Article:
The Milwaukee Repertory Theatre kicks off its fall season with its largest-ever production, the musical adaptation of E.L. Doctorow’s American epic “Ragtime.” And Rep artistic director Mark Clements, who is directing the show, doesn’t mind telling you he’s both enthralled and exhausted by the process.
There’s Denzel Washington and Billy Crystal, plenty of Shakespeare and a nice dash of Harold Pinter. There’s even a musical of the boxing classic “Rocky” and the much anticipated return of Neil Patrick Harris and “Les Mis.”
This upcoming season on Broadway seems to have something for everyone.
When John Dormady first put on his mother’s dress at age 4, he felt curiously comfortable. He spun around in his room, music blaring, imagining himself as the singers he heard.
A piece of art can be as expensive as the marketplace allows, but is it worth the price of a friendship? That question drives Yasmina Reza’s Tony Award-winning play “Art,” which opens Milwaukee Chamber Theatre’s 2013-14 season.
Viswa Subbaraman always knew that music would be a part of his life, but he wasn’t always aware that it would become his career.
The new artistic director of Milwaukee’s Skylight Music Theatre originally planned to become a physician, like his father and grandfather. Subbaraman was a sophomore at Duke University enrolled in pre-med studies when a trip to Vienna with the Duke Wind Ensemble dramatically altered his life’s course.
If you haven’t seen a Proud Theater production yet, you might have the opportunity soon. The LGBTQ youth theater troupe, founded in Madison, has opened chapters in Wausau and Milwaukee. And talks are underway to expand into other cities as well.
What is it about female comedians and their gays? There’s comedy godmother Joan Rivers and queer comic Margaret Cho, both of whom make a point of speaking directly to their beloved and adoring gay audiences. And then there’s comedy diva Kathy Griffin. Combining her love for the gays (hello, Anderson Cooper) and gossip, Griffin has created a brand of comedy that is both an homage to Rivers and outrageously original. She’s easily the most irreverent comic onstage, male or female.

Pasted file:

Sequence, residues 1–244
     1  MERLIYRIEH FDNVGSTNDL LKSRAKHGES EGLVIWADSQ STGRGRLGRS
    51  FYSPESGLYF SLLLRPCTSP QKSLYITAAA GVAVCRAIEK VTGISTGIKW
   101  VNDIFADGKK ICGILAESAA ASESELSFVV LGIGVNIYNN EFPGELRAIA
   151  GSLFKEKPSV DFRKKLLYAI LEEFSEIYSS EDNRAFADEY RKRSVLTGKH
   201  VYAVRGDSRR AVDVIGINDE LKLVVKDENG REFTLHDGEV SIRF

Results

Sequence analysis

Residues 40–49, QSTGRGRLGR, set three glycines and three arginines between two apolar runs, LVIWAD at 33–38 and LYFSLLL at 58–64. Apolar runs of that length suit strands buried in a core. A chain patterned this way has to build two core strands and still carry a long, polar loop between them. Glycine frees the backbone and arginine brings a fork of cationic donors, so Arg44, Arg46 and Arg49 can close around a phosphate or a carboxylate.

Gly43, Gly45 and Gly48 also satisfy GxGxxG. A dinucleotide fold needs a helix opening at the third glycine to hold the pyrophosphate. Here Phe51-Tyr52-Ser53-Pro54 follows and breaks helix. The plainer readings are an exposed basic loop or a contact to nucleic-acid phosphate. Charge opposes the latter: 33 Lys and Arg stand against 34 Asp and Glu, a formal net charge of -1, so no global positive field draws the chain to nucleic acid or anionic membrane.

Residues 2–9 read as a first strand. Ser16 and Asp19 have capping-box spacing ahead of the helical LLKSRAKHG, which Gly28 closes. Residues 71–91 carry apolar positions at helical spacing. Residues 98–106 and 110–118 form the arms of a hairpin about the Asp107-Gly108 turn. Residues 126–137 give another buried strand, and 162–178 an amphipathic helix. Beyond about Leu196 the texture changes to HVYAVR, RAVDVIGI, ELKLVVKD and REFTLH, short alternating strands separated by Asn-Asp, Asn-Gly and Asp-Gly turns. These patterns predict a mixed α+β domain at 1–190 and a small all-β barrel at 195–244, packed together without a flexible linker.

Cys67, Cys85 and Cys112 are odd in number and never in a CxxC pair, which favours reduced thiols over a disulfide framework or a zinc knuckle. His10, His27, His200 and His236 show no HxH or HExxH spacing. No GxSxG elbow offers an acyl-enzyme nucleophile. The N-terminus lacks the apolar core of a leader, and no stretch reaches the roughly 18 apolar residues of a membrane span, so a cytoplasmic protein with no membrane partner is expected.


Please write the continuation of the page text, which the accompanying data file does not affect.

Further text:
Two gay men begin a phone-sex relationship against the terrifying backdrop of the emerging AIDS epidemic. Although their physical contact is limited to sound waves, the couple’s erotic talk sessions lead to a deeper connection.
Take Ludwig van Beethoven’s classic opera about love, freedom and a political prisoner wrongly convicted. Dress it up in colorful, spangled costumes from the Indian cinema’s golden age. Then present the composer’s magnificent melodies with a primarily dancing cast that fills a highly stylized stage with robust athleticism. Finally, add a dash of the latest in interactive technology for good measure.
Formed 20 years ago in San Francisco, The Kinsey Sicks, a “dragapella beauty shop quartet,” has traveled the globe presenting political satire set to music. In addition to releasing eight albums since 1997 and performing off-Broadway, Winnie (Irwin Keller), Rachel (Ben Schatz), Trixie (Jeff Manabat) and Trampolina (Spencer Brown) are the subject of a documentary (“The Kinsey Sicks: Almost Infamous”) and stars of the feature film “Kinsey Sicks: I Wanna Be a Republican.”
Equal amounts of piffle and pot-stirring lie at the heart of W. Somerset Maugham’s comedy “Too Many Husbands,” staged at American Players Theatre’s Up The Hill Theatre. But in the hands of director and “master chef” David Frank, the rather thin farce froths into one of the Spring Green troupe’s most enjoyable productions this season.